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GW24-e3589 A novel mutation 1587_1588 del2 of the low-density lipoprotein receptor gene associated with familial hypercholesterolemia in a Chinese family
  1. Shi Yuping,
  2. Xin Xu,
  3. Lihan Wang,
  4. Geng Xu,
  5. Jiang Shan,
  6. Jianan Wang
  1. Department of Cardiology, Second Affiliated Hospital, School of Medicine, Zhejiang University, Hangzhou 310009 PR China

Abstract

Objectives Familial hypercholesterolemia (FH) is an autosomal dominant hypercholesterolemia caused by mutation in the low density lipoprotein receptor gene (LDLR). The identification of the causative mutation provides definitive diagnosis so that the patient can be treated, their relatives tested and, therefore, premature heart disease prevented.

Methods DNA of the proband with clinically diagnosed FH and other three familial members were analysed using polymerase chain reaction (PCR) and DNA direct sequencing for the LDLR gene (promoter region, the translated exon sequences, and the exon-intron boundaries), the apolipoprotein B-100 gene (APOB) (part exon 26). TA cloning was performed to confirm the deletion mutations of the exon 11 of LDLR of the proband. Splice site prediction tools were used to predict the effect of a genetic variant on splicing. In addition unaffected random controls (n = 100) were screened the deleltion mutations (c. 1587_1588delCT and c. 1587-2_1587-4delCCA) of LDLR using PCR and sequencing.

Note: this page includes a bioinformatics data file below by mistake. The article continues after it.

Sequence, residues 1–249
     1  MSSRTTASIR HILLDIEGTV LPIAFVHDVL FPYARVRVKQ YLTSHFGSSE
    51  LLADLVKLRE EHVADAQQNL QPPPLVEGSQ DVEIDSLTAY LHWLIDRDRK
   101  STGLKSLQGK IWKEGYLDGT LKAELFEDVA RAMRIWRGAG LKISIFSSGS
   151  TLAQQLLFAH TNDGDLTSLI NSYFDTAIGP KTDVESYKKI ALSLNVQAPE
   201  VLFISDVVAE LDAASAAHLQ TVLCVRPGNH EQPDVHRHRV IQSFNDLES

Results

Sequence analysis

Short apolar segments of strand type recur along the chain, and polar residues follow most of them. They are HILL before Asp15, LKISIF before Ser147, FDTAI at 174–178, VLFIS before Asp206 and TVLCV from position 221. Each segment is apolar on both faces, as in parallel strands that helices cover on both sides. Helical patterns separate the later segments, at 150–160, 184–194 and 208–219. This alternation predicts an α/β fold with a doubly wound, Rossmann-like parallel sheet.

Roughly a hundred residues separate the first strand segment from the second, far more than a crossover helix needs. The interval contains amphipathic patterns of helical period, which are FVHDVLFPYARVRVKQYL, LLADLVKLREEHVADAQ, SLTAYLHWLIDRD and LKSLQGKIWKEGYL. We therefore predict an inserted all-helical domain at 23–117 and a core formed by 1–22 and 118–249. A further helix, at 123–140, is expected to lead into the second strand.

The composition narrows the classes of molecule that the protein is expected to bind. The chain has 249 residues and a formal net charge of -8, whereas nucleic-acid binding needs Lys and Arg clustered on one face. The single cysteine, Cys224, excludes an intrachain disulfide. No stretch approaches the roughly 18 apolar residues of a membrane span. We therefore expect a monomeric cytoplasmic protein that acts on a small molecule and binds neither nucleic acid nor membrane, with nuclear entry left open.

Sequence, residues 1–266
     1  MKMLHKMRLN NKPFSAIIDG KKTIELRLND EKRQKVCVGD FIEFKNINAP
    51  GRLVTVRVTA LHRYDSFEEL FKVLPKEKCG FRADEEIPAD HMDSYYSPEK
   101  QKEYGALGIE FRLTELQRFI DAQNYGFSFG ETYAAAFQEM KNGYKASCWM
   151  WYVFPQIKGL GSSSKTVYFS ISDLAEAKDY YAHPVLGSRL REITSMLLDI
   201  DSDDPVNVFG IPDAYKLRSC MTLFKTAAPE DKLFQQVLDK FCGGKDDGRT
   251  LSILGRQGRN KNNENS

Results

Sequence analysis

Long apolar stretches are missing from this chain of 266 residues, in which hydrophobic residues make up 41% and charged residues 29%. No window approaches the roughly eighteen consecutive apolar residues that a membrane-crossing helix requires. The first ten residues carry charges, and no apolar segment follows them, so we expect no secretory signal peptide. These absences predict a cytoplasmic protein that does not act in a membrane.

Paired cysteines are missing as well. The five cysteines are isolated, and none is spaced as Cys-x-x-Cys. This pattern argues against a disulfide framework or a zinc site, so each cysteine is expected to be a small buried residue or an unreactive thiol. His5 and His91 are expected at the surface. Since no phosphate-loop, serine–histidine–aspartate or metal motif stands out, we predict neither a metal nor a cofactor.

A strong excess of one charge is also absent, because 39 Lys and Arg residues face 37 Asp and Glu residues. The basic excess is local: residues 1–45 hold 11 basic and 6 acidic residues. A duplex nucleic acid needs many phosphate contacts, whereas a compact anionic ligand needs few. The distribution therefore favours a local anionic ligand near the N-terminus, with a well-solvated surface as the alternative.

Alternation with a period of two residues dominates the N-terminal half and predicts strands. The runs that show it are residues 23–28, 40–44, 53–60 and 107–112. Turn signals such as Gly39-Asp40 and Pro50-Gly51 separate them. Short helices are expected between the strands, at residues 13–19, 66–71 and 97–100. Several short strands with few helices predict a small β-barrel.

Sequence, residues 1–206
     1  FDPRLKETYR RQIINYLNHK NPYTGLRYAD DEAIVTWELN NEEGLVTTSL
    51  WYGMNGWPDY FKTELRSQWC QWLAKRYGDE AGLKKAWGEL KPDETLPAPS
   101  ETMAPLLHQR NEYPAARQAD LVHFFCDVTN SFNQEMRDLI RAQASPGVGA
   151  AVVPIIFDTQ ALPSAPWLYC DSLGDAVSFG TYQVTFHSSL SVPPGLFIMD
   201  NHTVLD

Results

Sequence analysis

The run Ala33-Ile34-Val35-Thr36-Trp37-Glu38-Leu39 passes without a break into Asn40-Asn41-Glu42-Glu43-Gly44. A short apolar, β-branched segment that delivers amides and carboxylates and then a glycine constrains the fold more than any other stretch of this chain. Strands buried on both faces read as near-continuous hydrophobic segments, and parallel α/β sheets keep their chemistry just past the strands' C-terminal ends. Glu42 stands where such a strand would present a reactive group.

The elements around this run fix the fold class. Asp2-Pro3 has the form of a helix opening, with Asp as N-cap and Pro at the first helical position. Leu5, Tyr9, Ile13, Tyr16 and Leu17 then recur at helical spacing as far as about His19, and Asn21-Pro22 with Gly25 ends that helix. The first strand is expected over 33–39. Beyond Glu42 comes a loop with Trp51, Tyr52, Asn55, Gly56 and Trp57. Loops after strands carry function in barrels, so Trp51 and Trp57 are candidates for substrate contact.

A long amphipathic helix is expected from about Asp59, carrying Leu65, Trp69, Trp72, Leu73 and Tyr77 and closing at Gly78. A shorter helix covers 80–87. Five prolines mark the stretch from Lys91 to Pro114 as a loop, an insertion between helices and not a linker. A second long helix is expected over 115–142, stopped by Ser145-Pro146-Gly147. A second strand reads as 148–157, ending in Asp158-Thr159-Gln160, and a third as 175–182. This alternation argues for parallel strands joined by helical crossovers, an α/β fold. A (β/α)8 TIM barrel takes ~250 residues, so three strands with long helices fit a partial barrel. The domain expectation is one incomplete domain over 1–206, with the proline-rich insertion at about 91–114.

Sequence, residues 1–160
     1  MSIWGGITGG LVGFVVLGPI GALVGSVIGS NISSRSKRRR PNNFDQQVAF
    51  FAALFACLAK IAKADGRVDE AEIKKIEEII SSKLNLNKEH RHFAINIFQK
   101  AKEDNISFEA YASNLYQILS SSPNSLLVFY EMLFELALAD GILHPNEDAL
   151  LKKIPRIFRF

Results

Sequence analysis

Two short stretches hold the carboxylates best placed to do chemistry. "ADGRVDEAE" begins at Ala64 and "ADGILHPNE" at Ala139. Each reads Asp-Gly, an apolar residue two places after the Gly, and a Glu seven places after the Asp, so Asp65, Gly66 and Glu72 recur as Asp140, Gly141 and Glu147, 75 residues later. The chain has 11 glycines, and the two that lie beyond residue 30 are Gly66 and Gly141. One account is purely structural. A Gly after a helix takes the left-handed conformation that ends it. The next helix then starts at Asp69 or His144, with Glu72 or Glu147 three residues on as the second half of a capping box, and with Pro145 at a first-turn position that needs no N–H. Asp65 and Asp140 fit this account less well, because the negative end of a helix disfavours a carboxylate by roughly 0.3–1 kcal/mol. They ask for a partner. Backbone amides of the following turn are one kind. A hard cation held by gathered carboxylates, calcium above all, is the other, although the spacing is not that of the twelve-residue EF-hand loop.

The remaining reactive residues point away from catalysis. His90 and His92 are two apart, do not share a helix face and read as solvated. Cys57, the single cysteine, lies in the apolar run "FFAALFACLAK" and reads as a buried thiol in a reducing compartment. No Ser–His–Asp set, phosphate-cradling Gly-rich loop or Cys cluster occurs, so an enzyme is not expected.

Results In this Chinese family, two heterozygous novel mutation (c. 1587_1588delCT and c. 1587-2_1588-4delCCA) of the LDLR were found in the proband and his mother, but no deletion mutations were detected in his father and his sister. The two-bases deletion of CT (1587_1588del2) at exon 11 is a frameshift mutation which predicted to be pathogenic. The functional effect of another novel mutation at intron 10 (c. 1587-2_1588-4delCCA) are predicted as benign by splice site prediction tools.

Conclusions Only mutation in exon 11 of LDLR gene (c. 1587_1588delCT) had been found to cause FH, which was novel, not described in other FH populations.

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